How is infant botulism treated?
Doctors treat infant botulism with an antitoxin called botulism immune globulin intravenous (BIGIV). They give this to babies as soon as possible. Babies with botulism who get BIGIV recover sooner and spend less time in the hospital than babies who don’t.
How soon do you see signs of botulism?
In foodborne botulism, symptoms generally begin 18 to 36 hours after eating a contaminated food. If you or someone you know has symptoms of botulism, immediately see your doctor or go to the emergency room.
How long does it take to recover from infant botulism?
Average hospital stay for non-BabyBIG®-treated patients is approximately 5.7 weeks. In contrast, patients treated with BabyBIG® have an average hospital stay of approximately 2.3 weeks, and their recovery of strength, tone and movement occurs more rapidly.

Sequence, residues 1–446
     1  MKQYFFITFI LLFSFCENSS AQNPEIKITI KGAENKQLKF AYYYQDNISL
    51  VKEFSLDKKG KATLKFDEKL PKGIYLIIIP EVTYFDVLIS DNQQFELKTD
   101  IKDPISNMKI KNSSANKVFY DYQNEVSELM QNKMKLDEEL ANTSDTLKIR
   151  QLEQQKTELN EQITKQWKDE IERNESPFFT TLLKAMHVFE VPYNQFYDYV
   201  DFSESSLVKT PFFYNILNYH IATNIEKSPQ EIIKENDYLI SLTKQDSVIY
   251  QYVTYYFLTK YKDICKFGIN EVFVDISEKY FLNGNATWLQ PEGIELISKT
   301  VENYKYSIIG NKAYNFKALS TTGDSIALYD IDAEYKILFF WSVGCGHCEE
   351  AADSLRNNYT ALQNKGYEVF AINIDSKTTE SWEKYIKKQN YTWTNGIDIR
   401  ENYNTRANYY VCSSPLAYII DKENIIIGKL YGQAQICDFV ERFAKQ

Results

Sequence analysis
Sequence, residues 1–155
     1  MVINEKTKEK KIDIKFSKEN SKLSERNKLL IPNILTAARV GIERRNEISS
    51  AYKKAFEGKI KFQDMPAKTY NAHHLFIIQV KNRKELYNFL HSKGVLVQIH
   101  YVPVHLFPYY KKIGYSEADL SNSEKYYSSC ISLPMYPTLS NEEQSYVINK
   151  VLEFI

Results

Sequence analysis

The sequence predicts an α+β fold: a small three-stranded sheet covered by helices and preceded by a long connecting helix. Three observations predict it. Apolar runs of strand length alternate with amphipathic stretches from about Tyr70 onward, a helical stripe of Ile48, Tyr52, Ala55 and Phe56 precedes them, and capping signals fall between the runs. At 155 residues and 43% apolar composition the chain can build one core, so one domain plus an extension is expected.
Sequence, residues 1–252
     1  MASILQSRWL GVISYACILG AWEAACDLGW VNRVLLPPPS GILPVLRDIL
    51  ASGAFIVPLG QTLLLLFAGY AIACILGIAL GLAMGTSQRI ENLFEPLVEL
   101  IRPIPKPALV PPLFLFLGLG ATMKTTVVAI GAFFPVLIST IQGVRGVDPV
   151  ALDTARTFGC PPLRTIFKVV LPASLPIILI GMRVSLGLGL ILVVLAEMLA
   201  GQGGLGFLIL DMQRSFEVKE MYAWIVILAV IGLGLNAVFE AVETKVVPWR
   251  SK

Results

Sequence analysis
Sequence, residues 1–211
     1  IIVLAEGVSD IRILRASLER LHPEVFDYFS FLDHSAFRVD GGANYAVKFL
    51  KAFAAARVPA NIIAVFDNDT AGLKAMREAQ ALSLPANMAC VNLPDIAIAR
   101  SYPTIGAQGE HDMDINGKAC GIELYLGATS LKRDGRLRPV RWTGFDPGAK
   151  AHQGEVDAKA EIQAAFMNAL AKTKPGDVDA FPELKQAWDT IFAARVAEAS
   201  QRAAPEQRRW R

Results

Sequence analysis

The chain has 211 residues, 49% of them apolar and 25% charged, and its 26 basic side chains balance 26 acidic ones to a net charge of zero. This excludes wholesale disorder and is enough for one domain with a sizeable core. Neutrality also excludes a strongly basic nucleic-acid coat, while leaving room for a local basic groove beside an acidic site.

What foods cause infant botulism?
Infant botulism has been associated with raw honey. Avoid giving raw honey — even a tiny taste — to babies under age 1. Home-canned food can also become contaminated with C. botulinum spores.
Can babies get botulism from breastmilk?
Botulism is not transmitted by breast milk. The Infant Botulism Treatment and Prevention Program recommends continuing breast feeding or the feeding of expressed breast milk during the illness and recovery from infant botulism.
Can botulism be treated?
Doctors treat botulism with a drug called an antitoxin, which prevents the toxin from causing any more harm. Antitoxin does not heal the damage the toxin has already done. Depending on how severe your symptoms are, you may need to stay in the hospital for weeks or even months before you are well enough to go home.